The impact of vaccines on transmission is still largely a grey area, with two key PHE studies on the matter not due until next month. The Times has reported a separate study which has found lower rates of asymptomatic infection in healthcare workers who have been vaccinated, which was interpreted as a key sign that jabs are reducing transmission.
Dr Roope said: “Certainly after offering the vaccination to the most vulnerable people, you are trying to vaccinate people who are at most risk of catching on and passing on the virus [...] – it seems like quite a logical thing to do.
“We still need a lot of evidence to what extent the different vaccines do reduce transmission, but it’s likely that they do to some extent. It might be that if we’re targeting young and healthy people – those people who are doing jobs that bring them into close contact with the public – that might be a good way to go too, rather than necessarily someone who can easily do their work from home and is unlikely to be out socialising.”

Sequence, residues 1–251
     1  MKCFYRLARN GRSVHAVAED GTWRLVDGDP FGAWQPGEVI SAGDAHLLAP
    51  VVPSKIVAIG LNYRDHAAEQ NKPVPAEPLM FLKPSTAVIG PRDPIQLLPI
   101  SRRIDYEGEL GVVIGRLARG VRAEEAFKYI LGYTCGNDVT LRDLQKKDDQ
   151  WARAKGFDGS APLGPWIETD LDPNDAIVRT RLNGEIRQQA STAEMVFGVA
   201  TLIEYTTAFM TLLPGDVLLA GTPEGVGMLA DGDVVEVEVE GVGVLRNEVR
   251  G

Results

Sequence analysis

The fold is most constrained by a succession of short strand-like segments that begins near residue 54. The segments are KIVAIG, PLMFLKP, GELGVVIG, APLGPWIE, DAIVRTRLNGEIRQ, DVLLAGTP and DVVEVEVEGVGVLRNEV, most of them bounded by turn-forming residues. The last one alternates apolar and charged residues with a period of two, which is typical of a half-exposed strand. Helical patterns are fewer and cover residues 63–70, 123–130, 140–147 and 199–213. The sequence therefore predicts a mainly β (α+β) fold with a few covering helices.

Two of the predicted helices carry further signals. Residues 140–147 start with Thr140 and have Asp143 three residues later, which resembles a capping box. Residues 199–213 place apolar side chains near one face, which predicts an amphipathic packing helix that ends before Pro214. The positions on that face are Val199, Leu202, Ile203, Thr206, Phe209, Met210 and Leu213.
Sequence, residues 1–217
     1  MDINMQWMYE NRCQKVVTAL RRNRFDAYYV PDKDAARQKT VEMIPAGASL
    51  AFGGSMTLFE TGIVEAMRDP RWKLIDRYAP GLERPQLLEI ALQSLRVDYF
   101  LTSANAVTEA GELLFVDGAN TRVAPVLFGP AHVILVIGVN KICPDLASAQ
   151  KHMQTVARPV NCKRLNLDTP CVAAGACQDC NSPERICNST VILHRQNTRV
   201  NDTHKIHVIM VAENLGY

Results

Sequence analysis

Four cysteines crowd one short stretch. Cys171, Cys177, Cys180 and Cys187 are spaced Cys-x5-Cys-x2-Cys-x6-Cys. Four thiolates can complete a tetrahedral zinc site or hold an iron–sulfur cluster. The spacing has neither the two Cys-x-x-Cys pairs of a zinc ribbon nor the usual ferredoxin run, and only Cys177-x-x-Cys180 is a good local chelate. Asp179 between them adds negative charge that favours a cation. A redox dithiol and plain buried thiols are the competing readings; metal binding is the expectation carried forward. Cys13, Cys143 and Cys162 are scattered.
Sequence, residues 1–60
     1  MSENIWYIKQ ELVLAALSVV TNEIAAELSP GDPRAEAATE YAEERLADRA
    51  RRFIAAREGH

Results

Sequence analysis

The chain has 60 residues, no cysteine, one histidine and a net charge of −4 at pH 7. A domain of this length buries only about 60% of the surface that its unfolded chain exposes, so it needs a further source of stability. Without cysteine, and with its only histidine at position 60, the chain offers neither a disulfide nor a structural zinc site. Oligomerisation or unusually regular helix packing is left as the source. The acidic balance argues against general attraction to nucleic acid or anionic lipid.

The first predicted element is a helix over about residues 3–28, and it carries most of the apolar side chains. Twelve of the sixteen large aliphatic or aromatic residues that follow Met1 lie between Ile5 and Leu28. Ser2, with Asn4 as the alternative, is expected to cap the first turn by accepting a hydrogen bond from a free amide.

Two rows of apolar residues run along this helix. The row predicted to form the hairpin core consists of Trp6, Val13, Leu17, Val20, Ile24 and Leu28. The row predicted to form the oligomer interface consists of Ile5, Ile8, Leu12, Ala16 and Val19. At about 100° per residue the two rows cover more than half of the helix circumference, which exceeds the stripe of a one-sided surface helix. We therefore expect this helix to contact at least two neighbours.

Studies have found that people from South Asian groups are more likely to live in deprived areas and in large, multigenerational households and there have been calls for all members of such households to be vaccinated at the same time.
In France, the final phase of vaccinations, due to begin in spring, will encompass those living in confined quarters.
What else have other countries done?
French health minister Olivier Veran said priority will be given to professionals “on the front line” in essential sectors such as security, education or food, “vulnerable and insecure people and the professionals who take care of them”, and those in confined living quarters before proceeding with the rest of the adult population.